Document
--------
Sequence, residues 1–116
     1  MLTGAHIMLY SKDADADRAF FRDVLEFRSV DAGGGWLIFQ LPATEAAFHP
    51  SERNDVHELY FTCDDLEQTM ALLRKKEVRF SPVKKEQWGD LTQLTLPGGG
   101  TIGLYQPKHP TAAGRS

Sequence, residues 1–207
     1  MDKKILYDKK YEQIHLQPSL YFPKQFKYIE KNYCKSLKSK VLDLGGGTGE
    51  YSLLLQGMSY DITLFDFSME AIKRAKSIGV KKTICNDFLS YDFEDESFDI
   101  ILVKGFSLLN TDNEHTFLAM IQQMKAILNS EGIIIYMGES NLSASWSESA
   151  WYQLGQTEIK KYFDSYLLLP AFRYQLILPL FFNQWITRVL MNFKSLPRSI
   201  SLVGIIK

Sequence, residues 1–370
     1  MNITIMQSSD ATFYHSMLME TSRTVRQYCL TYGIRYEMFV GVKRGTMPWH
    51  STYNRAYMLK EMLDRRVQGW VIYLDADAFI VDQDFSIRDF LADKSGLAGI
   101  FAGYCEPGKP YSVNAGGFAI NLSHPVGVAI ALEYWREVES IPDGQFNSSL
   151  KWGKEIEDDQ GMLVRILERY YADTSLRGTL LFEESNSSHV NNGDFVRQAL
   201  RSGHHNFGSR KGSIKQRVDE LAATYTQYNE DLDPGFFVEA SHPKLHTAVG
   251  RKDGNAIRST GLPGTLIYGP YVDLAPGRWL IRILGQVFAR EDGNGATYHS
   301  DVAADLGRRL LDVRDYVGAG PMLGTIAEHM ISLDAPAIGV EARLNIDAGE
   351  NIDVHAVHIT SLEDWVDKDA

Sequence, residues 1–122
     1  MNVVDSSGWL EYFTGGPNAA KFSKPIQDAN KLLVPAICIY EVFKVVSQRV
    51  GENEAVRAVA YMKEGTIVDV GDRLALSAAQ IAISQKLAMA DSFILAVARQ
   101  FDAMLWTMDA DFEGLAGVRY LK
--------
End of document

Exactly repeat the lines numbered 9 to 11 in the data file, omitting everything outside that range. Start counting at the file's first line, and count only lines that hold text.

   151  WYQLGQTEIK KYFDSYLLLP AFRYQLILPL FFNQWITRVL MNFKSLPRSI
   201  SLVGIIK

Sequence, residues 1–370